You don't have to look perfect to take a perfect picture. "The most photogenic people are not necessarily the most attractive," says wedding photographer Denis Reggie. "They're just not intimidated by the camera." How do you overcome intimidation? Whether you're nervous about wrinkles or a double chin, the following eight tips will make solving photo issues a snap.
Appear Less Posed
"Engage the photographer in a conversation about some topic you both may find of interest," says Los Angeles-based head-shot photographer Michael Calas. If your mind is focused on something other than the photo, you'll appear less rigid. You can also lean against something, interact with a pet or a child, or intertwine your arms with someone else's. Also, never keep your hands right by your sides, says Chuck DeLaney, dean of students at the New York Institute of Photography, in New York City. Clasp them in the front or in the back, or hold on to a glass or your eyeglasses to help relax your body.
Fake Flawless Skin
Foundation and translucent powder are quick fixes, but it's equally important to get as much light on the face as possible. If you're indoors, pose near the closest light source, like a window. Also, use a flash inside and outside because "the light of the flash will bounce off the skin, illuminate it, and conceal facial imperfections," says Jim Janis, Walgreens photo-finishing specialist in Chandler, Arizona. Finally, make the most of your scenery. "Photographs taken on a white sandy beach or a snow-covered surface tend to be more flattering because the reflective qualities of those surfaces help de-emphasize wrinkles and pockmarks," says Reggie.
Avoid a Double Chin
Pay attention to the camera position. "If the lens is at your eye level or above, you're in the right frame," says Calas. "If the lens is below your eye level, then you run the risk of looking like you have an extra chin." Bend your knees so you're at least on an even plane with the photographer (assuming it's not a full-body photo). If you're significantly taller than the photographer, sit in a chair and look up toward the camera. Finally, project your chin out an inch or so more than you normally would. You may feel a bit awkward, like a giraffe, but "you'll have a long, thin neck in the photo," says Suzy Drasnin Orduna, owner of the Beach Ambience Studio & Gallery, in Sag Harbor, New York.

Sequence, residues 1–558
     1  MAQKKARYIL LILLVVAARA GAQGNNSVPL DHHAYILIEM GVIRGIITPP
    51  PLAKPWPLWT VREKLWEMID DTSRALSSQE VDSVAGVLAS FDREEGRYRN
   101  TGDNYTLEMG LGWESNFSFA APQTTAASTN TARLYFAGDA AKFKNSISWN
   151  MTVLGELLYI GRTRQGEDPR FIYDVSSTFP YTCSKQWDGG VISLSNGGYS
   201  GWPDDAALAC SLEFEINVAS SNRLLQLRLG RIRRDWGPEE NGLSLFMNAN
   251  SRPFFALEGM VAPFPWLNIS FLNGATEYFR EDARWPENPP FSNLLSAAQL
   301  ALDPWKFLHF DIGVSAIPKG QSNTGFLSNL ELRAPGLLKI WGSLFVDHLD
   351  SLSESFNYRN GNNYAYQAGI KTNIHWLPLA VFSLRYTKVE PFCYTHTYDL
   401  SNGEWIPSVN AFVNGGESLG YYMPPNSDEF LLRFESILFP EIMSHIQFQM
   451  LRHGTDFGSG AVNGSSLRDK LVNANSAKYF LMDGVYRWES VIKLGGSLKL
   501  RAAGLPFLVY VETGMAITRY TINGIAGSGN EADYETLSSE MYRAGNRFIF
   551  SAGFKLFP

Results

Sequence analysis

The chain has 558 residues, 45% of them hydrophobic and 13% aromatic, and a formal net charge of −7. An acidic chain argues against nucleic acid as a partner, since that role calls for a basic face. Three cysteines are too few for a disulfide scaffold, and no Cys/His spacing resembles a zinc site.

Keep Eyes Open
Close your eyes and have the photographer count to three. On three, open them. "Works every time," says Janis. If you're outdoors, remember that noon is the worst time to take a photo, because that's when the sun is harshest and you're more likely to squint. Head out at 4 or 5 p.m., when the light is more amber.
Minimize Unfavorable Features
Turn your head. Most people have asymmetrical features (for example, one eye is larger than the other or the right ear is a bit higher than the left). So DeLaney suggests posing with two-thirds of the face in view and the remaining third turned slightly away from the camera. That way, facial asymmetry is not as obvious. This particular angle also has a slimming effect, as it draws the eye up and down (forehead to chin), not left to right (eye to eye).
Shake the Deer-in-the-Headlights Look
Don't look straight into the lens. "Focus your eyes just above the lens instead of staring directly into the camera," says Patrick McMullen, a celebrity photographer and author of InTents (PowerHouse Books, $75, amazon.com). "I usually look past the lens, over the photographer's shoulder," says Miss Louisiana 2004 and first runner-up, Miss America 2005, Jennifer Dupont. "And show some personality. Sometimes all it takes is the slight raise of an eyebrow."